A. Handle Trim
B. Refrigerator Door Handle
C. Flat-Head Handle Screws
B
C
A. Hinge Pin Cover
B. Center Hinge
C. Hinge Screws
Side View 3
Front View
A. Door Stop Screws
B. Door Stop
A B
5
A
Bottom Hinge
4
A
B
C
D
E
A. Flat-Head Handle
Screws
Door Handle
Seal Screw
Front
6
A. Hinge Pin Shim
B. Bottom Hinge
C. Hinge Plate
D. Roller Bracket
E. ³⁄₈" Hex-Head Hinge Screws
A
B
C
D
A. Hinge Pin Shim
B. Bottom Hinge
C. Hinge Plate
D. Roller Bracket
E. ³⁄₈" Hex-Head Hinge Screws
E
9
Standard Door - Freezer Drawer
Door Removal &
Replacement
Door Swing Reversal (optional)
2
Top Hinge
A
A
B
C
1
B
C
A
A. Hinge Screws
D
A. Hinge Cover Screw
B. Top Hinge Cover
C. 5/16" Hex-Head Hinge Screws
D. Top Hinge
B
A
Bottom Hinge
A. Handle Trim
B. Flat-Head Handle Screws
C. Refrigerator Door Handle
A
B
Side View 3
Front View
C
A. Hinge Pin Cover
B. Bottom Hinge
C. Hinge Screws
A. Door Stop Screws
B. Door Stop
A B
5
A B
C
B
A
A. Handle Trim
B. Flat-Head Handle Screws
C. Freezer Drawer Handle
Drawer Front Removal
A
A. Loosen 4 Door Bracket Screws
10
4
Door Handle
Seal Screw
Front
Drawer Front Replacement
French Doors
WARNING
Electrical Shock Hazard
Disconnect power before removing doors.
Failure to do so can result in death or electrical shock.
Door Removal and Replacement
Top Hinges
A
B
C
1
D
A. Hinge Cover Screw
B. Top Hinge Cover
C. 5/16" Hex Head Hinge Screws
D. Top Hinge
Bottom Hinges
A
A
B
C
A. Hinge Pin Cover
B. Bottom Hinge
C. Hinge Screws
A. ³⁄₃₂" or ¹⁄₈" Setscrew
2
Wiring Plug
A
A. ³⁄₃₂" or ¹⁄₈" Setscrew
Drawer Front Removal
Drawer Front Replacement
A
A. Loosen 4 Door Bracket Screws
11
Door Closing and Door Alignment
The base grille covers the leveling screws and roller assemblies
located at the bottom of the refrigerator cabinet below the freezer
door or drawer. Before making adjustments, remove the base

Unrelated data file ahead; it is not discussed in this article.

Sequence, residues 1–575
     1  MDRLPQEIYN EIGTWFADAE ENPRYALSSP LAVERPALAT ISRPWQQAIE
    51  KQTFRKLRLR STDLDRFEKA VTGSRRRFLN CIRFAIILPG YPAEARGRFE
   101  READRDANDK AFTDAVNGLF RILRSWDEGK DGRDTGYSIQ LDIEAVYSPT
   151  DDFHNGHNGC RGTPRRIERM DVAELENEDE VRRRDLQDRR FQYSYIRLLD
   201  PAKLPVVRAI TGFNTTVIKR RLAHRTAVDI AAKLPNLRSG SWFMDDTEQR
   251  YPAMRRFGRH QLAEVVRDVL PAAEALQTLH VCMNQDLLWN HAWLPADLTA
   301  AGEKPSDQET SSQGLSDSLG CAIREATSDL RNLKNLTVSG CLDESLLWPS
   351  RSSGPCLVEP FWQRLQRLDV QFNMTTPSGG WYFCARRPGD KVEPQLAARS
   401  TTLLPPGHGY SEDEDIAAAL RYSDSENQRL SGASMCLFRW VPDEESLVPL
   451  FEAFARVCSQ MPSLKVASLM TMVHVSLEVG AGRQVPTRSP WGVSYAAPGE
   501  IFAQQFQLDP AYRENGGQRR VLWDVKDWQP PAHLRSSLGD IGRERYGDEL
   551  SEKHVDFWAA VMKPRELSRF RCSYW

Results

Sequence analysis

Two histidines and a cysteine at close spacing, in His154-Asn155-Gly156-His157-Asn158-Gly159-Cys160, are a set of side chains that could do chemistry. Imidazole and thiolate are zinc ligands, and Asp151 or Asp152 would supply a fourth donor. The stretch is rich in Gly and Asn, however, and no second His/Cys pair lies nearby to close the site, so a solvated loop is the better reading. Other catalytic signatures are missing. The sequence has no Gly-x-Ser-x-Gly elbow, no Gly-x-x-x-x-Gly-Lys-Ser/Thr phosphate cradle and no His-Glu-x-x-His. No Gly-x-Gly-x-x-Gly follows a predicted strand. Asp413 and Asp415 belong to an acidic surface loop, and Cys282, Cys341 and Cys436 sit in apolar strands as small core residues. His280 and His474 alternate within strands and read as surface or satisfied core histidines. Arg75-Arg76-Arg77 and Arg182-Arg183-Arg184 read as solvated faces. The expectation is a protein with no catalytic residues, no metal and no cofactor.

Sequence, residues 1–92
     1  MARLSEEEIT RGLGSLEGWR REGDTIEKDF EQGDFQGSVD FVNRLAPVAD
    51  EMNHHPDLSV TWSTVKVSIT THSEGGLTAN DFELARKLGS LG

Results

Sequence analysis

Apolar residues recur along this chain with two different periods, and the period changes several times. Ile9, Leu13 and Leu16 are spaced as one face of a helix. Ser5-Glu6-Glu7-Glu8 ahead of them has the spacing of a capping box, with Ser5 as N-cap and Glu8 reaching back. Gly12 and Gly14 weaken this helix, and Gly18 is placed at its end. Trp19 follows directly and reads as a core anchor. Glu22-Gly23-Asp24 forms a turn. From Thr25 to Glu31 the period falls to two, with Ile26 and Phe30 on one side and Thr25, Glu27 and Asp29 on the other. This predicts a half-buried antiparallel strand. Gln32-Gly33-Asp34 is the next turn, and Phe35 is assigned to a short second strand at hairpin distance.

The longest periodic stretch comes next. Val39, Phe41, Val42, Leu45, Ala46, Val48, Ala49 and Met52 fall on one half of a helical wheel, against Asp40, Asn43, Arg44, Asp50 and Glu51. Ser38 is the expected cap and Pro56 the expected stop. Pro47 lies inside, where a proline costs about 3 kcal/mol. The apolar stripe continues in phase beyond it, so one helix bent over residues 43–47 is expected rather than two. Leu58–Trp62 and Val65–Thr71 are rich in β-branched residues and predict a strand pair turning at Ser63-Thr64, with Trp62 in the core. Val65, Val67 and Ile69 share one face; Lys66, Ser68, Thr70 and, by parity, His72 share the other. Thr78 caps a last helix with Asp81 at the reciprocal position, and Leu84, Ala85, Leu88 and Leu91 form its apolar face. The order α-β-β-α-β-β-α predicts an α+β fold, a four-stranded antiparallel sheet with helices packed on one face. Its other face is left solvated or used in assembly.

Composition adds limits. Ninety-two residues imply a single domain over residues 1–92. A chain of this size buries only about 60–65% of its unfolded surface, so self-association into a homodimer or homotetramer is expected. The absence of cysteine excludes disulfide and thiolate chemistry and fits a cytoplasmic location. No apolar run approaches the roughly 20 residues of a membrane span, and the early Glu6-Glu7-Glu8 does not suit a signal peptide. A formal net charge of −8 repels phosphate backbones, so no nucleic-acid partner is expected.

grille and move the refrigerator to its final location.
1. Remove the two screws fastening the base grille to the
cabinet, and set the screws aside. Grasp the grille and pull
it toward you.
¹⁄₄"
2. Move the refrigerator to its final location.
NOTE: To allow the refrigerator to roll easier, raise the leveling
legs off the floor by turning the leveling screws
counterclockwise. The front rollers will be touching the floor.
3. So the doors will close easier, use a ¹⁄₄" hex driver to turn both
leveling screws clockwise. This will raise the front of the
refrigerator tilting it slightly downward to the rear. Turn both
leveling screws the same amount.
NOTE: Having someone push against the top of the
refrigerator takes some weight off the leveling screws.
This makes it easier to turn the screws.
6. Make sure the refrigerator is steady. If the refrigerator seems
unsteady or rolls forward when the door or drawer is opened,
adjust the leveling screws. Using a ¹⁄₄" hex driver, turn the
leveling screw on each side clockwise until the rollers are up
and the leveling feet are firmly against the floor.
7. Replace the base grille by aligning the holes in the grille with
the holes in the cabinet and fasten using the screws removed
in Step 1.
REFRIGERATOR USE
Opening and Closing Doors
(French door models)
¹⁄₄"
There are two refrigerator compartment doors. The doors can be
opened and closed either separately or together.
There is a vertically-hinged seal on the left-hand refrigerator door.
■
■
A
When the left-hand door is opened, the hinged seal
automatically folds inward so that it is out of the way.
When both doors are closed, the hinged seal automatically
forms a seal between the two doors.
A
B
A. Leveling screw
B. Front roller
4. Open and close the doors to make sure they close as easily
as you like. If not, increase the tilt by turning both leveling
screws clockwise. It may take several turns of the leveling
screw to allow the doors to close easier.
5. Check for door alignment. If one door is lower than the other,
adjust the leveling screw, on the lower side of the refrigerator.
Using a ¹⁄₄" hex driver, turn the screw clockwise to raise that
side of the refrigerator until the doors are aligned. It may take
several turns of the leveling screw to raise the refrigerator.
NOTE: Having someone push against the top of the
refrigerator takes some weight off the leveling screws.
This makes it easier to turn the screws.
12
A. Hinged seal